viii.         an additional condition could be included should the Committee be minded to grant planning permission to restrict the capacity of the silage clamp to no more than 3 metres high;


ix.           the proposed cladding would blend the concrete walls of the silage clamp into the rural setting, whilst the railings painted green would help further disguise the clamp in the natural surroundings, giving the maximum visual softening of a manmade structure;


x.            the maximum height of the silage was 3 metres to match the height of the concrete walls of the clamp, but this did not include the height of the tyres placed on top to secure the silage in place.


The Committee discussed the application in detail together with the views raised in the deputation received.


Although a minority of the members considered that the proposed development was acceptable subject to added conditions and would not have an unacceptable impact on the neighbouring property, a majority of the members felt that the proposal by reason of its design and siting would result in a harmful impact on the setting of the listed building and its surroundings.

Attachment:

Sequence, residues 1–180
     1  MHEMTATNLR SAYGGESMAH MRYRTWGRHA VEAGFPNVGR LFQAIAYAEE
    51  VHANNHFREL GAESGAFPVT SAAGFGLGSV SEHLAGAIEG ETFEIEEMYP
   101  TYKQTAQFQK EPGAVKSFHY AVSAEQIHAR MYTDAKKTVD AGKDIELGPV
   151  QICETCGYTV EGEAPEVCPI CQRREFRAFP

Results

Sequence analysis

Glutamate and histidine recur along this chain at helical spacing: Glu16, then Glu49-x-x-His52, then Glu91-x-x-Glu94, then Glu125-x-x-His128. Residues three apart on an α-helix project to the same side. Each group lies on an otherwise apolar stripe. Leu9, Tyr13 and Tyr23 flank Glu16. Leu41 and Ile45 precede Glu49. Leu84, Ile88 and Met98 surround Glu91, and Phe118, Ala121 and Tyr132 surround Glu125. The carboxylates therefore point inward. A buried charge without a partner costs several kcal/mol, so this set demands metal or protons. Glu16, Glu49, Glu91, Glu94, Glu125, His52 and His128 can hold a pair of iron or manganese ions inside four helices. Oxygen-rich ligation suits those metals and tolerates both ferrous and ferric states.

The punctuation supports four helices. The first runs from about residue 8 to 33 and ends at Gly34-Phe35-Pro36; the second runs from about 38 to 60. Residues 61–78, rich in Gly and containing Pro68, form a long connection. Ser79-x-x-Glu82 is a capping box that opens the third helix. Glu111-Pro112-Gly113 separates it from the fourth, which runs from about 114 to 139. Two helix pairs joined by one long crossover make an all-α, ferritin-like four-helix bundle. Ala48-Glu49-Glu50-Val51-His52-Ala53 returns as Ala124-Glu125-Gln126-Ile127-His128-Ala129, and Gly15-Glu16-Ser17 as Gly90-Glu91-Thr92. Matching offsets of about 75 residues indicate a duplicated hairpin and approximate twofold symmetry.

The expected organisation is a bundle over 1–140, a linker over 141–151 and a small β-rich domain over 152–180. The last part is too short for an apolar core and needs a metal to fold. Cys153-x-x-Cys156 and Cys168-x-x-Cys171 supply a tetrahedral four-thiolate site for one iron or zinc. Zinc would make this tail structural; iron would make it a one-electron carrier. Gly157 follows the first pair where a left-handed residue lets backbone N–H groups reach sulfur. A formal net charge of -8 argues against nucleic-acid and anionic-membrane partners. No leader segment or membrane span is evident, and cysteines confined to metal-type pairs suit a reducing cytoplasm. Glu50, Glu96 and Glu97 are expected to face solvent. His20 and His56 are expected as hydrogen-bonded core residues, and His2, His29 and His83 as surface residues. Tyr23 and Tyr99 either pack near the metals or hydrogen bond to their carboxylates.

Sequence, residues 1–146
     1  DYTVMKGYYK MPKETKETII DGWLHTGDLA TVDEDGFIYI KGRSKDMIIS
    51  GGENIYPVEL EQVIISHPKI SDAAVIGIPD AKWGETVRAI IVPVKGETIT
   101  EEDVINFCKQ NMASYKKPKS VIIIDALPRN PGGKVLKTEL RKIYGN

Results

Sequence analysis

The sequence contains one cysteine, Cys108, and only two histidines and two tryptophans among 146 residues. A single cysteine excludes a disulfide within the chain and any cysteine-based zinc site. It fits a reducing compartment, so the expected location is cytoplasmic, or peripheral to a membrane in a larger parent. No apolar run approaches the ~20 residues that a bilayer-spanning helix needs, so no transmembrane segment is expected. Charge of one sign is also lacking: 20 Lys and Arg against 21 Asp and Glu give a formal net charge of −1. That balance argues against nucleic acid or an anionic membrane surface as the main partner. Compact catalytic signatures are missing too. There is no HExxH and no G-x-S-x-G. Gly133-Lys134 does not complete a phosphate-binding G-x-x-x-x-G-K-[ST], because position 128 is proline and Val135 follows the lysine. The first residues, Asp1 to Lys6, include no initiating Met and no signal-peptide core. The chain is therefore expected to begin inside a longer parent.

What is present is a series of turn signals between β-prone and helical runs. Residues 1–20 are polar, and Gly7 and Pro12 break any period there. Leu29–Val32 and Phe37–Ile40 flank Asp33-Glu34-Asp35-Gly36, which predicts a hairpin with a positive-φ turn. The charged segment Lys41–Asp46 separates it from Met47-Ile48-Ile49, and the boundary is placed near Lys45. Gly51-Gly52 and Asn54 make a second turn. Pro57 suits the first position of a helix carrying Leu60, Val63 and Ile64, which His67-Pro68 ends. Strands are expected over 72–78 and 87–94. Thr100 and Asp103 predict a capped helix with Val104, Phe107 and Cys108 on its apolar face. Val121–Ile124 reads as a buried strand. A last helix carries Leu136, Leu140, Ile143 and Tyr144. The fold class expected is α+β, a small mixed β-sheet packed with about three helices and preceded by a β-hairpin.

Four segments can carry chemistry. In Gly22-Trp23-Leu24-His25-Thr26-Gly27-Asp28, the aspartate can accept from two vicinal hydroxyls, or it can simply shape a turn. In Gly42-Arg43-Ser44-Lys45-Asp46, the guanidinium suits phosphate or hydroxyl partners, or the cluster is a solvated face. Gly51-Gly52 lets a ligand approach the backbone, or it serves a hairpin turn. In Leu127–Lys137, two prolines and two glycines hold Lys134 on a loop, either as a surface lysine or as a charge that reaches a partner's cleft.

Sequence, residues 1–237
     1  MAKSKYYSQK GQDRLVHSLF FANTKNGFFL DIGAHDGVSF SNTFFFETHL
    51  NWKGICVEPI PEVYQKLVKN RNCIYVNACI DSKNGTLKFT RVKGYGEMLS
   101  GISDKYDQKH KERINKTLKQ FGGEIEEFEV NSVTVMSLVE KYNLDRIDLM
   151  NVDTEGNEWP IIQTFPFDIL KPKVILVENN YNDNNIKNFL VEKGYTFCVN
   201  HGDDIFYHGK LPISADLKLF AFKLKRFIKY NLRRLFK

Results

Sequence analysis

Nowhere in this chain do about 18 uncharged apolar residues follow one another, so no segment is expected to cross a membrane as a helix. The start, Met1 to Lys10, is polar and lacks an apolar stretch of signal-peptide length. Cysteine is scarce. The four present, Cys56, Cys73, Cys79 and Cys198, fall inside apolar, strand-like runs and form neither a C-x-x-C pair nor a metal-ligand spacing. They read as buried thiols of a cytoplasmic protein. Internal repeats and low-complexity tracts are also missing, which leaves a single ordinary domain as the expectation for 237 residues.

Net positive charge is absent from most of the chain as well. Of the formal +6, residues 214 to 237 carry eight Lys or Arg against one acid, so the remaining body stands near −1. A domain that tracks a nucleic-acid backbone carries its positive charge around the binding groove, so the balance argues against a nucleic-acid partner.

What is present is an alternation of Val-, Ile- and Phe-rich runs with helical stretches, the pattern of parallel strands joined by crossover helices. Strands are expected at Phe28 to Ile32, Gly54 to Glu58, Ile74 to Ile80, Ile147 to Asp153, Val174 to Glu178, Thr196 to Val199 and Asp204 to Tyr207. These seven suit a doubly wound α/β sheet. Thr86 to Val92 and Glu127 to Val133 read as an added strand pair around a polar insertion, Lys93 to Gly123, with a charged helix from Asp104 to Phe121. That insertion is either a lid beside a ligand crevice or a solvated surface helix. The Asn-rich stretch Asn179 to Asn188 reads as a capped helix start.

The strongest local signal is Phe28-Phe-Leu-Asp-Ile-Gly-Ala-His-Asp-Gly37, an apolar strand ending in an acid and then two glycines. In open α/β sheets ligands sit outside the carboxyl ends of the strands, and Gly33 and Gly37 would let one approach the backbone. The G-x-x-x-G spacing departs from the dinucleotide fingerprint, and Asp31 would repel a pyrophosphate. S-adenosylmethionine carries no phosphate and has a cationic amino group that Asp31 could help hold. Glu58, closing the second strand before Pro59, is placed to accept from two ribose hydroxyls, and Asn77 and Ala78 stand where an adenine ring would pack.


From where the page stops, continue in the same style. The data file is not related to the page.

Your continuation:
It was therefore:


RESOLVED that application APP/19/01048 be refused for the following reason:


The development by reason of its height causes less than substantial harm to the setting of the adjacent grade 2 listed building, North Farm House. On the basis of the information available to the Local Planning Authority, it is not considered that this harm is outweighed by the benefits of the scheme. The proposal is therefore contrary to Policies CS11 and CS16 of the Havant Borough Local Plan (Core Strategy) 2011, Policy DM20 of the Havant Borough Local Plan (Allocations) 2014, and the National Planning Policy Framework.


Supporting documents: